In terms of the divisions in the American League, the AL West looks like a foregone conclusion from an odds standpoint. With the favorites in the +170 to +190 range in the AL East and AL Central, the West looks a lot different. This was a captivating division race last season between the Houston Astros and the Texas Rangers. Texas won, drawing the heavy-hitting Toronto Blue Jays in the first round. They opened up a 2-0 series lead, but couldn’t close the deal. The Astros, meanwhile, were four outs away from eliminating the Kansas City Royals when a Game 4 bullpen meltdown sent the series back to Kauffman Stadium, where the storybook season came to an end.
The only team in the American League perceived to have no chance at the playoffs resides in this division, so that is something that has skewed the division odds a little bit. One storyline to watch throughout the year will be to see if the window is closed for the Los Angeles Angels of Anaheim. The Angels made six playoff appearances in eight years from 2002-09, but they only have one in the last six seasons. Despite what the odds say, anything can happen in this division, which is basically the theme for the American League in 2016.
In terms of division winner odds, here are the prices from BetDSI Sportsbook (click the team name for Adam Burke’s MLB season win total analysis):
Houston Astros +130
Texas Rangers +240
Seattle Mariners +360
Los Angeles Angels +516
Oakland Athletics +1655
The Houston Astros built a team based on analytics and it worked. No team in baseball has had a bigger leap over the last three seasons than the Houston Astros. In 2013, the Astros lost 111 games. They improved by 19 games in 2014 and then 16 more games in 2015, finishing at 86-76. Houston’s inability to beat Texas (5-14) was the kiss of death for the division, but they went and won the Wild Card Game and then had Kansas City on the ropes. With just about everybody back, including full seasons of Carlos Gomez and Carlos Correa, the Astros are a deserving favorite here in this division. It doesn’t hurt to have the reigning Cy Young Award winner in Dallas Keuchel either.
As somebody that doesn’t believe a whole lot in the impact of managers, it’s hard to argue with what Jeff Bannister did last season. The Texas Rangers won just 67 games in 2014, but an 88-74 season and two chances to close out Toronto at home, represented a pretty strong season. In 2014, 64 players appeared in a game. In 2015, that number dropped to 50. Health is, and has always been, the biggest key for teams over 162 games. The Rangers were a lot healthier last season, even without ace Yu Darvish. Now, Darvish has a partner in crime in Cole Hamels and the Rangers have to be considered a strong candidate to win this division.
Robinson Cano’s torrid second half should inspire a little bit of confidence in the Seattle Mariners. Lloyd McClendon is out and Scott Servais is in as the manager of the Mariners and some front office restructuring brought Jerry Dipoto to the Pacific Northwest. Dipoto made significant strides in upgrading the team’s defense, adding players like Leonys Martin and jettisoning players like Brad Miller. The Mariners should make some big improvements defensively and that will help a talented, high-upside pitching staff and a really underrated lineup with guys like Cano, Nelson Cruz, and Kyle Seager. The addition of Wade Miley gave the Mariners a reliable starter in a sea of uncertainty with oft-injured or inconsistent guys like Hisashi Iwakuma, Taijuan Walker, and James Paxton. There’s a lot of hope here.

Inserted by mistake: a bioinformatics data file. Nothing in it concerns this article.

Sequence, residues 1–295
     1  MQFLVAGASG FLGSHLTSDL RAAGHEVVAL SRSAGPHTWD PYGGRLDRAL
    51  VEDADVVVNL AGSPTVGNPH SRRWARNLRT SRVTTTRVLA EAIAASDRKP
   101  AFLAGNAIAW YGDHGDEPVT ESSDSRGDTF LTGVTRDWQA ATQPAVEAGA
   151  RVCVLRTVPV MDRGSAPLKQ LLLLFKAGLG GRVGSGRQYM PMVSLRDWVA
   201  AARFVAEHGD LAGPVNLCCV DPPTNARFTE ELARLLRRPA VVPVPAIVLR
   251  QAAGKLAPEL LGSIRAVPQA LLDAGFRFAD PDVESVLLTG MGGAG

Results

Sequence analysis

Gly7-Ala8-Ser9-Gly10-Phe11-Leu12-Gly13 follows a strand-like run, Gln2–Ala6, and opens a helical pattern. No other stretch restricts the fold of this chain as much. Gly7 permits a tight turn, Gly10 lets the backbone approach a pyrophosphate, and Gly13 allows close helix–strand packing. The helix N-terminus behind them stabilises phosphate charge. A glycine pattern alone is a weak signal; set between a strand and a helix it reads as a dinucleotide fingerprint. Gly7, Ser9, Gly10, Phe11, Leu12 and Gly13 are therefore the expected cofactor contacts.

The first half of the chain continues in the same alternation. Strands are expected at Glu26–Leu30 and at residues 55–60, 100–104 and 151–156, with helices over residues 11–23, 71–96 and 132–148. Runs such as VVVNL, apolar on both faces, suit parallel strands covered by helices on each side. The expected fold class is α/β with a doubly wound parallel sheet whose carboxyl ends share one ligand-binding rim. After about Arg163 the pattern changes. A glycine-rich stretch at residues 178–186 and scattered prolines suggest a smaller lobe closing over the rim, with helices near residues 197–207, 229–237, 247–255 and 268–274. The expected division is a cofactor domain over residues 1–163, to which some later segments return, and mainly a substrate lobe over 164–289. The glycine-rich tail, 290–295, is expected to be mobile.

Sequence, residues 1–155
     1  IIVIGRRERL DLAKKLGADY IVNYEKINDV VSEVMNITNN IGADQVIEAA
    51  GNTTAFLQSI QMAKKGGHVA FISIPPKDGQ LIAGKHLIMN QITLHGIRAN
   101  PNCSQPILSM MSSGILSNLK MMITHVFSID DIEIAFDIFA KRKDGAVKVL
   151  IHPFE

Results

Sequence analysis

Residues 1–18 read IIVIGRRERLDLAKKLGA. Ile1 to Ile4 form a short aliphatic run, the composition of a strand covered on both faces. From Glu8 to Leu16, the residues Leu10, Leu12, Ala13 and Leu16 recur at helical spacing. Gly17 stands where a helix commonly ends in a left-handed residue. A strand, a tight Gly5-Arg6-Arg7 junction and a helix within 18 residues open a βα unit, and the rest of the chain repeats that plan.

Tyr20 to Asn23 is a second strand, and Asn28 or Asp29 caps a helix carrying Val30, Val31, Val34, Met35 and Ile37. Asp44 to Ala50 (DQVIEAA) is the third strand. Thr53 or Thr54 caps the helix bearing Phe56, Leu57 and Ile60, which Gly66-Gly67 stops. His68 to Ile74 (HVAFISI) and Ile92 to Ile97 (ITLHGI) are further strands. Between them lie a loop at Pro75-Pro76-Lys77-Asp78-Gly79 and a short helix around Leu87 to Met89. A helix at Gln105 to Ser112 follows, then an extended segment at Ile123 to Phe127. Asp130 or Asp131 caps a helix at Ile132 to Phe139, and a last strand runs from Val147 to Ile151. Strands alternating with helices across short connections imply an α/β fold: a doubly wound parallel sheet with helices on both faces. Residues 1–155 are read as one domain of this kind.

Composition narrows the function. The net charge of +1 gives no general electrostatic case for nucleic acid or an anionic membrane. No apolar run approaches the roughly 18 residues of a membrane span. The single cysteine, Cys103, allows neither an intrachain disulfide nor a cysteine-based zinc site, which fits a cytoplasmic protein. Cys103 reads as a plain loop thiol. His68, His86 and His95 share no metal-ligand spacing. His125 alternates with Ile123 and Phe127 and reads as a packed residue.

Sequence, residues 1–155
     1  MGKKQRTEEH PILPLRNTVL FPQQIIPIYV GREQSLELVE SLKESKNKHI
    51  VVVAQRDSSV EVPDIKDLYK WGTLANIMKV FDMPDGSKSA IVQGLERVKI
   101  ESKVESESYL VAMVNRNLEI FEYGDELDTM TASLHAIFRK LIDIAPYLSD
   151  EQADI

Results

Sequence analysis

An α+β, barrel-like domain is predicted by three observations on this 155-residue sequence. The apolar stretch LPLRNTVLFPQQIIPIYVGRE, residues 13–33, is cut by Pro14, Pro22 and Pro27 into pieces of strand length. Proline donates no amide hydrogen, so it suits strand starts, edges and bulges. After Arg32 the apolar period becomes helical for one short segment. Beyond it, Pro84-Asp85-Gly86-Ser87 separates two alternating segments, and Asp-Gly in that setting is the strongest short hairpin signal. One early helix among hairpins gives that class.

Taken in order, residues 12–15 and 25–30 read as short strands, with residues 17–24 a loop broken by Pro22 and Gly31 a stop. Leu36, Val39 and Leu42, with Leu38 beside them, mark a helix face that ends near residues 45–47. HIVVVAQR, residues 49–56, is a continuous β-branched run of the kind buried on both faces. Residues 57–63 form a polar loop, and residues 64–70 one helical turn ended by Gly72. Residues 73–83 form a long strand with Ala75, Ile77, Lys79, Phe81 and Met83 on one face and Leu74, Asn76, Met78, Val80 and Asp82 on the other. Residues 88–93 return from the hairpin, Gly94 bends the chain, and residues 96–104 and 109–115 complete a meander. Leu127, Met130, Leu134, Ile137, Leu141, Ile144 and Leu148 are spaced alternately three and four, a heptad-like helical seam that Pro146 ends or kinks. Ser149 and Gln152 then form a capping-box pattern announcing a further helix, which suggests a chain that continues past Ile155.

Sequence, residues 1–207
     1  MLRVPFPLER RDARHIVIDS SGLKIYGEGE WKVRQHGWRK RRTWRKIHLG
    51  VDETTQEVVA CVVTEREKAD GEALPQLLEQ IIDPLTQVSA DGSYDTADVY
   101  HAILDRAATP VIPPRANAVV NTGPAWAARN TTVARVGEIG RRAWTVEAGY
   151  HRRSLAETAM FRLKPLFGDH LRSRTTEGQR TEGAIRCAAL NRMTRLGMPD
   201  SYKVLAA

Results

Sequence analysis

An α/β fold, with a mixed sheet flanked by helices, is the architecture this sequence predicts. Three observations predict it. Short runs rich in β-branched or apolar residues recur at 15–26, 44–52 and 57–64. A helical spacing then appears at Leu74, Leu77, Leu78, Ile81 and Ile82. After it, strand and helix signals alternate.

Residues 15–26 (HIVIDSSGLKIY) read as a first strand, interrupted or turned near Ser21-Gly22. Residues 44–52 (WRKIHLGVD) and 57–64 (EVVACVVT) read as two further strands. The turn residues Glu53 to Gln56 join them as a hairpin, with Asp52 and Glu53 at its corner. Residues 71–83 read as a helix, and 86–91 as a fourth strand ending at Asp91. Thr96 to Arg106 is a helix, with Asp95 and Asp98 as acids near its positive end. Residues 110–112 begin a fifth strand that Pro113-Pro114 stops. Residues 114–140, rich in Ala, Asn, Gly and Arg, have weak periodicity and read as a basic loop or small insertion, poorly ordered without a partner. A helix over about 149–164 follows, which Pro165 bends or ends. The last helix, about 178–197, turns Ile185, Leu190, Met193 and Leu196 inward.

Mike Trout is a once-in-a-generation type of player and is a great building block for the Los Angeles Angels of Anaheim, who seem to be in purgatory. The trade for Andrelton Simmons is a sign of going for it, but the cost of Sean Newcombe, a promising left-handed starting pitcher prospect, is a concerning development for the future with some aging starters like CJ Wilson and Jered Weaver. Mike Scioscia always seems to get the most equity he can out of the hands that he has been dealt, so there is a lot of hope in that respect. Garrett Richards is throwing 100 now with his bowling ball sinker and solid slider as the anchor of this rotation.
The Oakland Athletics are literally the only team that nobody is giving respect to in the American League. The other 14 teams have some “if” scenarios with regards to making the playoffs, but nobody is hinting at the glass being half full for Oakland. The A’s spent most of last season with a positive run differential, but no results, and finally caved in September. An intriguing rotation with Sonny Gray, Kendall Graveman, Jesse Hahn, and Chris Bassitt doesn’t seem to be enough to move the needle for bettors or oddsmakers because of a lackluster offense and a set of unknown commodities in the bullpen. Sean Doolittle is the closer after missing most of last season with significant injuries, including a shoulder problem.
Pick: Houston Astros
The Astros have the highest ceiling of any team in the American League. If Dallas Keuchel can avoid heavy regression, while Collin McHugh and Lance McCullers continue to improve, the Astros could really run away and hide for the best record. The lineup is loaded if everybody can stay healthy, especially George Springer. Carlos Correa is one of the game’s most exciting budding stars and this is a very young team that just gained a ton of experience.
Best Value Pick: Oakland Athletics
Look, anything can happen. The A’s were putrid in one-run games last season and should see some positive regression in a lot of sequencing stats. The rotation is certainly good enough to win at home. The lineup isn’t all that exciting, but there are several platoon parts that can combine to form a serviceable, league average group. It’s clearly a long shot gamble, but luck and variance can always make things interesting.